ILCE P H O T O G R A P H Y

B r i a n   A.   M a r s h a l l

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(ILCE = Interchangeable Lens Camera with E-mount)

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Just behind the Crystal Palace National Athletics Stadium, that seemed to be on BBC Grandstand every Saturday afternoon during the 1960's and 70's, is a boating lake and in a small corner of it, there is an island populated by sculptures of extinct animals, mammals and dinosaurs of the Paleozoic, Mesozoic and Cenozoic era's creating the original Jurassic Park. Or rather what the Victorians thought these creatures would look like.

 

When the original Crystal Palace structure, that had been built for the Great Exhibition in Hyde Park, closed in 1851 the Crystal Palace glasshouse was move south of the river to the top of Sydenham Hill. The Dinosaur Court, as it was originally known, was commissioned in 1852 and unveiled to the public in 1854 when the Crystal Palace Park opened. There are over 30 sculptures in the collection, created by Benjamin Waterhouse Hawkins (1807-1894), and these were the first interpretation of what three-dimensional full-scale dinosaurs probably looked like based on the fossil remains that was available at the time although by modern standards they are to varying degrees inaccurate.  In 1973 the statues became Grade II listed monuments and after being extensively restored in 2002 they were upgraded in 2007 to Grade I listed monuments.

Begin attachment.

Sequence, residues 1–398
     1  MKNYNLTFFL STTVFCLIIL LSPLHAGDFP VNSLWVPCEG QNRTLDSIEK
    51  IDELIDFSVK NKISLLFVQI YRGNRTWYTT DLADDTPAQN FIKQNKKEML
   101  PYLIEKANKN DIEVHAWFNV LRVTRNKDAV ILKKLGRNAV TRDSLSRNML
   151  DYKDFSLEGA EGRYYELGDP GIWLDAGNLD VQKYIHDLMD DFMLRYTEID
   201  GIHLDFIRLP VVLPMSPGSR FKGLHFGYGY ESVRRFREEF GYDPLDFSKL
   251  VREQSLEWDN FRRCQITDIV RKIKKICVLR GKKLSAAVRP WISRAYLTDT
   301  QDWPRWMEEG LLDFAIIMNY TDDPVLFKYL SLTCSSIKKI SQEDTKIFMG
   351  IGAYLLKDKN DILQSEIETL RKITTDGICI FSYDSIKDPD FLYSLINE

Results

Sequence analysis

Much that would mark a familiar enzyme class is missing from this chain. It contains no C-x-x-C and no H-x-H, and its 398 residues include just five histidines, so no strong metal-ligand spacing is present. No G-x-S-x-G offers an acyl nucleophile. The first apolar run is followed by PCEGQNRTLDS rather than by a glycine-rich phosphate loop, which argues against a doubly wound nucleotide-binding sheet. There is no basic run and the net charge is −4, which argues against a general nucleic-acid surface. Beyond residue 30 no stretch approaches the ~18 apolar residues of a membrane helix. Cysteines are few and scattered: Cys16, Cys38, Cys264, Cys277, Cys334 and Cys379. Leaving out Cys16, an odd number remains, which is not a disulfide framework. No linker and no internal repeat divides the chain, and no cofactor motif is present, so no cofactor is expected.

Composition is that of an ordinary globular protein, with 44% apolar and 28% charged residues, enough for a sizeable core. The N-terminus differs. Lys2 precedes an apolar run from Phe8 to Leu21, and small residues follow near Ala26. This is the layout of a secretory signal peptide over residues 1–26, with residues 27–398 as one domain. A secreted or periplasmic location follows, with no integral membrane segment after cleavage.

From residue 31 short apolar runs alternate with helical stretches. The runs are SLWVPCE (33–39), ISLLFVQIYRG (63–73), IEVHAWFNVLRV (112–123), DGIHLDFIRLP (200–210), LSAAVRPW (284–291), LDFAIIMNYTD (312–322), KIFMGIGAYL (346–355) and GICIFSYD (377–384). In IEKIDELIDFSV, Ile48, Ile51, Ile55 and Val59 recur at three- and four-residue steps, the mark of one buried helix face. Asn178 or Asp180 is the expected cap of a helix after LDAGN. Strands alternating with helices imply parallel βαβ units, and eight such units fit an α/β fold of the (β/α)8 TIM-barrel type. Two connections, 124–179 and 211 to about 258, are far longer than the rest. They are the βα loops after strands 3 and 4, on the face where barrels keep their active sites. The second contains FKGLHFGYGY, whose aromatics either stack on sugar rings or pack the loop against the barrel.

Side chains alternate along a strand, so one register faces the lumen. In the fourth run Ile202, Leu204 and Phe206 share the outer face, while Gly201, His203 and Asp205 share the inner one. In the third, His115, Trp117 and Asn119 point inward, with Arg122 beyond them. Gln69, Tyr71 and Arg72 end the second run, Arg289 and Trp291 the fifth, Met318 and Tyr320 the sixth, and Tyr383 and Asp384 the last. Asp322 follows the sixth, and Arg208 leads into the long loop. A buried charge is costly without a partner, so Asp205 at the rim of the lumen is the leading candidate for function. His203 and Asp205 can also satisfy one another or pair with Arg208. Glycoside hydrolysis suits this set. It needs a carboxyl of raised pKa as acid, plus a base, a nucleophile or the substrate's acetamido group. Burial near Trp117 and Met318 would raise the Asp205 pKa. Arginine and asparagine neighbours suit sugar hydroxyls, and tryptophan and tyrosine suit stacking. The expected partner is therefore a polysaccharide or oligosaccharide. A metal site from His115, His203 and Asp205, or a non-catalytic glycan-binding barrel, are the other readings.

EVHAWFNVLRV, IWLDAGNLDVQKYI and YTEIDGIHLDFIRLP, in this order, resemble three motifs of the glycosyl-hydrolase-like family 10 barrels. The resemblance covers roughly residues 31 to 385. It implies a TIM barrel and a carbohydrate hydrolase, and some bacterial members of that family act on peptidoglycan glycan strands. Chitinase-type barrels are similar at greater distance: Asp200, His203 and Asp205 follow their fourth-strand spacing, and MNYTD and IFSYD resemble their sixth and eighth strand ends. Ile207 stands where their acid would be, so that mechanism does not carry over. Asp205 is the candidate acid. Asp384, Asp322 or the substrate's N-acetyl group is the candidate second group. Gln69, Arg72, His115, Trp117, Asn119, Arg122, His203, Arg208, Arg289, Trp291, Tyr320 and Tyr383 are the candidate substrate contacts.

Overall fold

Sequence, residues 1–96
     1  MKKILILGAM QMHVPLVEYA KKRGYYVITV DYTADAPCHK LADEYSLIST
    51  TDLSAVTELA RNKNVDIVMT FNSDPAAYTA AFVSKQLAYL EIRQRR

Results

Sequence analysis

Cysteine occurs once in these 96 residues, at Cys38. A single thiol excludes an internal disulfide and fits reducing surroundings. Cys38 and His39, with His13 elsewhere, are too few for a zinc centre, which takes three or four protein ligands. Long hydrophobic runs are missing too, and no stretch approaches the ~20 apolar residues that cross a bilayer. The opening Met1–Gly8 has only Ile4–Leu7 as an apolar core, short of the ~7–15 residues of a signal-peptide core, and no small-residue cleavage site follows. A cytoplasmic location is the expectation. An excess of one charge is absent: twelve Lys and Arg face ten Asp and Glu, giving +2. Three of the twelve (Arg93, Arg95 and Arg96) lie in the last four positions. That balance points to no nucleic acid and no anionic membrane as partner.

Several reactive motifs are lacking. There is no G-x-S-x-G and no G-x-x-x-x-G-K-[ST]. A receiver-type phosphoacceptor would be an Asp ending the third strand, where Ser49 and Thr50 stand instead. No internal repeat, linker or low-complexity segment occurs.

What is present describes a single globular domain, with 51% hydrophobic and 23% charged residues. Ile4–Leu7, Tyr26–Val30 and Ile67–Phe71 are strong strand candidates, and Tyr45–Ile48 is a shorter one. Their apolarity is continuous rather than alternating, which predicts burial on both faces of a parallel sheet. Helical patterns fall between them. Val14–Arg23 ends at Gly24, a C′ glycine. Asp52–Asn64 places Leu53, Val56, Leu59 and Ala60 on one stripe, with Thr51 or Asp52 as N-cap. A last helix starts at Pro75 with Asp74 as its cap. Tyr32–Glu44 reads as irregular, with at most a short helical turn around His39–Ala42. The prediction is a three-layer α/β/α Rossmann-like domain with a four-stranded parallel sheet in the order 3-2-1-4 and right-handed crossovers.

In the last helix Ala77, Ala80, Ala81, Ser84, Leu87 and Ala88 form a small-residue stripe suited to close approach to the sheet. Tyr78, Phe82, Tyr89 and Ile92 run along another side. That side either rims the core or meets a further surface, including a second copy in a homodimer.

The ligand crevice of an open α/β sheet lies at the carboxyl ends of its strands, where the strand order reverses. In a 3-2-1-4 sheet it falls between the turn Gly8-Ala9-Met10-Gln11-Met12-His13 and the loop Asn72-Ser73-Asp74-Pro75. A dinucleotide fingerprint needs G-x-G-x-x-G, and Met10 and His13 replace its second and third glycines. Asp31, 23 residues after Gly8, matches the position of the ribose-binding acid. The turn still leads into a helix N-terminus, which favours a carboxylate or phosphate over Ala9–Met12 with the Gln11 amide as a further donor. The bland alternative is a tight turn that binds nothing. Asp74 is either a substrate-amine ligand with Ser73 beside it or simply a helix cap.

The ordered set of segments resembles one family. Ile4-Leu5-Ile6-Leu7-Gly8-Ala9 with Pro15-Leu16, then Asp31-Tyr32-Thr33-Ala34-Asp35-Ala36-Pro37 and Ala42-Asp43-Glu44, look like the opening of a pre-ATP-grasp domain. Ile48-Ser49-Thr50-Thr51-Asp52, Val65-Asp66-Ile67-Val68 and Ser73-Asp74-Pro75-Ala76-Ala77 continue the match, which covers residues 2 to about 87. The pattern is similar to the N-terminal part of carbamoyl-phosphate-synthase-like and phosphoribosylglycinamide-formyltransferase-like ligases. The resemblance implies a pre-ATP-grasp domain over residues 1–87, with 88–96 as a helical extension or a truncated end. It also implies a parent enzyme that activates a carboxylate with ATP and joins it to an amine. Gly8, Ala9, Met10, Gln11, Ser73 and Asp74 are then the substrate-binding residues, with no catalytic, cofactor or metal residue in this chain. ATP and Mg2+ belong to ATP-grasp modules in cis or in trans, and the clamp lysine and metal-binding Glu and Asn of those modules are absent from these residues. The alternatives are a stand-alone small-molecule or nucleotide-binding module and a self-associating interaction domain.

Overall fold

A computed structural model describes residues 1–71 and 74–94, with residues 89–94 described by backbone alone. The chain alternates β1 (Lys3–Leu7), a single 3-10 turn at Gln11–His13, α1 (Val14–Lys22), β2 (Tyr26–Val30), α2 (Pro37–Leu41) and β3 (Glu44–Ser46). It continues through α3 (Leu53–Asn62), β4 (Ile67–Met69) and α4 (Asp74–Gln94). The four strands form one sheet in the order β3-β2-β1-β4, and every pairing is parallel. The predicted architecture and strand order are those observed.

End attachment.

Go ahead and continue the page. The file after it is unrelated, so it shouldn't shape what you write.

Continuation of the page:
Equipment Used: Sony ILCE-7MII Compact System Camera - Sony FE 24-240mm f3.5-6.3 OSS Lens

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